A confused creature who can't carry out the indicated action does nothing but babble incoherently. Attackers are not at any special advantage when attacking a confused creature. Any confused creature who is attacked automatically attacks its attackers on its next turn, as long as it is still confused when its turn comes. Note that a confused creature will not make attacks of opportunity against anything that it is not already devoted to attacking (either because of its most recent action or because it has just been attacked).
Dazed: The creature is unable to act normally. A dazed creature can take no actions, but has no penalty to AC.
A dazed condition typically lasts 1 round.
Dazzled: The creature is unable to see well because of overstimulation of the eyes. A dazzled creature takes a -1 penalty on attack rolls and sight-based Perception checks. A dazzled creature treats all other creatures as concealed, including the usual 20% miss chance.
Dead: The character's hit points are reduced to a negative amount equal to his Constitution score, his Constitution drops to 0, or he is killed outright by a spell or effect. The character's soul leaves his body. Dead characters cannot benefit from normal or magical healing, but they can be restored to life via magic. A dead body decays normally unless magically preserved, but magic that restores a dead character to life also restores the body either to full health or to its condition at the time of death (depending on the spell or device). Either way, resurrected characters need not worry about rigor mortis, decomposition, and other conditions that affect dead bodies.
Deafened: A deafened character cannot hear. He takes a -4 penalty on initiative checks, automatically fails Perception checks based on sound, takes a -4 penalty on opposed Perception checks, and has a 20% chance of spell failure when casting spells with verbal components. Characters who remain deafened for a long time grow accustomed to these drawbacks and can overcome some of them.
Disabled: A character with 0 hit points, or one who has negative hit points but has become stable and conscious, is disabled. A disabled character may take a single move action or standard action each round (but not both, nor can he take full-round actions, but he can still take swift, immediate, and free actions). He moves at half speed. Taking move actions doesn't risk further injury, but performing any standard action (or any other action the GM deems strenuous) deals 1 point of damage after the completion of the act. Unless the action increased the disabled character's hit points, he is now in negative hit points and dying.
A disabled character with negative hit points recovers hit points naturally if he is being helped. Otherwise, each day he can attempt a DC 10 Constitution check after resting for 8 hours, to begin recovering hit points naturally. The character takes a penalty on this roll equal to his negative hit point total. Failing this check causes the character to lose 1 hit point, but this does not cause the character to become unconscious. Once a character makes this check, he continues to heal naturally and is no longer in danger of losing hit points naturally.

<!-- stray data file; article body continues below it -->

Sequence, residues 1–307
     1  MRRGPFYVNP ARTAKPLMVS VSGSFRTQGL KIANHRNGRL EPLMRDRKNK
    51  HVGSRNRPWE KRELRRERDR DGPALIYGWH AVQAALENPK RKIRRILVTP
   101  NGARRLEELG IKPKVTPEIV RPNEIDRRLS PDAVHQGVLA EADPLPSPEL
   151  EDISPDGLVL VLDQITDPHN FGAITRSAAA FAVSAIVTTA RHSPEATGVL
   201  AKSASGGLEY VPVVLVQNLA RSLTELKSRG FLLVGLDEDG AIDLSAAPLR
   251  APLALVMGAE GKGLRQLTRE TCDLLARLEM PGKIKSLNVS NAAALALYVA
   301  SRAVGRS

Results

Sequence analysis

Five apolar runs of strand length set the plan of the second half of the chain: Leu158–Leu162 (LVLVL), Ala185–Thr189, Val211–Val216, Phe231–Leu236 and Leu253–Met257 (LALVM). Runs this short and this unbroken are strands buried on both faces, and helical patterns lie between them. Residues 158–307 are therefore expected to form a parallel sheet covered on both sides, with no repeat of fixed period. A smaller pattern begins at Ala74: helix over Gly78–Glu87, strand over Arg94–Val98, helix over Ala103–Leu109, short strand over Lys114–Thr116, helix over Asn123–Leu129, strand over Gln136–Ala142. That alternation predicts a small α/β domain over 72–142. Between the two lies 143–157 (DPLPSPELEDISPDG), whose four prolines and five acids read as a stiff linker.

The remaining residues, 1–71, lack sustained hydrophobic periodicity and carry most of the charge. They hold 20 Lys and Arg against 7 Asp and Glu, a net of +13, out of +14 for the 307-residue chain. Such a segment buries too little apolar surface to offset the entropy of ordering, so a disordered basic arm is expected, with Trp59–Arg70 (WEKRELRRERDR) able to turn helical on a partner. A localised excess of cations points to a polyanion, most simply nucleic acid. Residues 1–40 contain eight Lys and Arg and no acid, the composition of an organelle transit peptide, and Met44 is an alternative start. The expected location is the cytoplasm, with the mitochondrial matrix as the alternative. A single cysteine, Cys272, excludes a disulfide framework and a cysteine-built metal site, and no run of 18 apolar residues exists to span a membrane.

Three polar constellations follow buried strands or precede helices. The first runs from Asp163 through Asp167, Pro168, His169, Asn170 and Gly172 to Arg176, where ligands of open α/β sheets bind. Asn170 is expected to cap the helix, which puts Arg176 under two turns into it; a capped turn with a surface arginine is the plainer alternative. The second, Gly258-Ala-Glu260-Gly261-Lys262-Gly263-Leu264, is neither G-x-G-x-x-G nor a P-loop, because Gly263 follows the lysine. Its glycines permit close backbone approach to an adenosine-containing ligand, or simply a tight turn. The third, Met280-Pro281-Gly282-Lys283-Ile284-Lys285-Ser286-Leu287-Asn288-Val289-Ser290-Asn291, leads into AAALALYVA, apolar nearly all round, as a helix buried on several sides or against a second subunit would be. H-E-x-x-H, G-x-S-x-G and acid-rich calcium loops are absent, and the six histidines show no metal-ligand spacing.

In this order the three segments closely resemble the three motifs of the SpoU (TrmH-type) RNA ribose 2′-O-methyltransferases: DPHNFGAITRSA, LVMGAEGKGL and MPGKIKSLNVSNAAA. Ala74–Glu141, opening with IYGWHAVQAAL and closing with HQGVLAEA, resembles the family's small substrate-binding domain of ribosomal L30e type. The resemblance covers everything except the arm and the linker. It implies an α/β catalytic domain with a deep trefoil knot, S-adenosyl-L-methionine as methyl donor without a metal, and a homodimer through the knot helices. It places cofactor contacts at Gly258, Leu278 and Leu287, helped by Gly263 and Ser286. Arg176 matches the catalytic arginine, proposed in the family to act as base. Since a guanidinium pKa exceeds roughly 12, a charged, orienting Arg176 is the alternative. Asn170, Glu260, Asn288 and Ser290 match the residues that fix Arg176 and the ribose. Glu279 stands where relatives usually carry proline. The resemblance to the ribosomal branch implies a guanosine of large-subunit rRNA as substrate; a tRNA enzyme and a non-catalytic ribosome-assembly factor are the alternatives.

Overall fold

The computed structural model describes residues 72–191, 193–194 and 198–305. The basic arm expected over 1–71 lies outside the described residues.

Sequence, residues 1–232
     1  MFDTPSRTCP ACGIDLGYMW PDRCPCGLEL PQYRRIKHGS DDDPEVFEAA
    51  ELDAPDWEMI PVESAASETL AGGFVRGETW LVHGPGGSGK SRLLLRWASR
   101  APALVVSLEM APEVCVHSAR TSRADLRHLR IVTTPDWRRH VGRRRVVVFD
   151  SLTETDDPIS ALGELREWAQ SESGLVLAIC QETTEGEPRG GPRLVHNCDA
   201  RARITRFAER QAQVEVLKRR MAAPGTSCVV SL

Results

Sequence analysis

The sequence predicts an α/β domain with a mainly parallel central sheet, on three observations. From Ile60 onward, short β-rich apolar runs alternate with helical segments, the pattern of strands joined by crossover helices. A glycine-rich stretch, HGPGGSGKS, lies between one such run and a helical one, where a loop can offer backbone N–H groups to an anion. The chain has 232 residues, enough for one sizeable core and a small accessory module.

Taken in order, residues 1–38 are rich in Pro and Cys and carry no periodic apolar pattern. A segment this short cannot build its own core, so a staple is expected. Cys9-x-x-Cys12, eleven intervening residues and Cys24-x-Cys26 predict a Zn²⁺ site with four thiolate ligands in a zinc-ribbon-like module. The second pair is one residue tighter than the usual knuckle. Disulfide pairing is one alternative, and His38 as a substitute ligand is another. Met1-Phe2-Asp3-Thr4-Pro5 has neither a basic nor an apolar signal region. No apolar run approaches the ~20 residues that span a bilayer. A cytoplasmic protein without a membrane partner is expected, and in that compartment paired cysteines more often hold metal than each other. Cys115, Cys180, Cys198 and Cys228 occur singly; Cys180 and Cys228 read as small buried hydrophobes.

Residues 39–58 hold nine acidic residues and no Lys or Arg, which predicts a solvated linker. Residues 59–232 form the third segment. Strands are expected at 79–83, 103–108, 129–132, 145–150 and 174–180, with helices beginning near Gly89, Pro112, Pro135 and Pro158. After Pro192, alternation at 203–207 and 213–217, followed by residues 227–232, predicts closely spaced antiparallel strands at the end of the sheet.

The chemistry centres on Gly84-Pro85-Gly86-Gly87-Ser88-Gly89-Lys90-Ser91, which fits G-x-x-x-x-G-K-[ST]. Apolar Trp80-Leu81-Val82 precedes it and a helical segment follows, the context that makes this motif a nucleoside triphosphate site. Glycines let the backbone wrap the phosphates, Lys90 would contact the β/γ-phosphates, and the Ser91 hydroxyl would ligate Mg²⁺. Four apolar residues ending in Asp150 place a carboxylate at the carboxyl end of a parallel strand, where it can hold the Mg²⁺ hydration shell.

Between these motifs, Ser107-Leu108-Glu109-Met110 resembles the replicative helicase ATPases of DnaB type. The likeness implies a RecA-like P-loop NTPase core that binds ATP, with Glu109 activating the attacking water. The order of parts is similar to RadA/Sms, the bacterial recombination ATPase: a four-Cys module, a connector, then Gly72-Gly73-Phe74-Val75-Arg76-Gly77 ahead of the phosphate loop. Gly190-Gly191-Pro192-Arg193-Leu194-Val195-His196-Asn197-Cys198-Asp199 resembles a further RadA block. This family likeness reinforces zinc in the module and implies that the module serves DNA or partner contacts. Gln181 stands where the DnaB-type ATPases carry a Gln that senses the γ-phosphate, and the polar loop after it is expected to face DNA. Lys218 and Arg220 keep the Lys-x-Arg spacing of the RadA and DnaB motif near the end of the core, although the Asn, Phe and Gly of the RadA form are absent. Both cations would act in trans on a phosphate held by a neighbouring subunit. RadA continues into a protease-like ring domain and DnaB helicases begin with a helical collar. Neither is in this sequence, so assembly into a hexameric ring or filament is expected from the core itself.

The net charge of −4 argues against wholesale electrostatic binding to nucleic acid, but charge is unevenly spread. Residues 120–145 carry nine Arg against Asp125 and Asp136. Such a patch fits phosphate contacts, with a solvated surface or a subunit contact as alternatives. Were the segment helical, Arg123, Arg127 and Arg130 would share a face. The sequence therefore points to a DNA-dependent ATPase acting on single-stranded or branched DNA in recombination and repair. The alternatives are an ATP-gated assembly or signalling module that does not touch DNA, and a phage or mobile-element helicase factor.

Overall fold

Dying: A dying creature is unconscious and near death. Creatures that have negative hit points and have not stabilized are dying. A dying creature can take no actions. On the character's next turn, after being reduced to negative hit points (but not dead), and on all subsequent turns, the character must make a DC 10 Constitution check to become stable. The character takes a penalty on this roll equal to his negative hit point total. A character that is stable does not need to make this check. A natural 20 on this check is an automatic success. If the character fails this check, he loses 1 hit point. If a dying creature has an amount of negative hit points equal to its Constitution score, it dies.
Energy Drained: The character gains one or more negative levels, which might become permanent. If the subject has at least as many negative levels as Hit Dice, he dies. See Energy Drain and Negative levels for more information.
Entangled: The character is ensnared. Being entangled impedes movement, but does not entirely prevent it unless the bonds are anchored to an immobile object or tethered by an opposing force. An entangled creature moves at half speed, cannot run or charge, and takes a -2 penalty on all attack rolls and a -4 penalty to Dexterity. An entangled character who attempts to cast a spell must make a concentration check (DC 15 + spell level) or lose the spell.
Exhausted: An exhausted character moves at half speed, and it cannot run or charge. It takes a -2 penalty on attacks, damage, and armor class. In addition, an exhausted creature has a -6 penalty on Spot checks as well as a -3 penalty on all other skill checks and on saves vs sleep effects. After three hours of complete rest, exhausted characters are fatigued. Exhausted is a more extreme state of weariness than fatigued, which is a more extreme state than tired.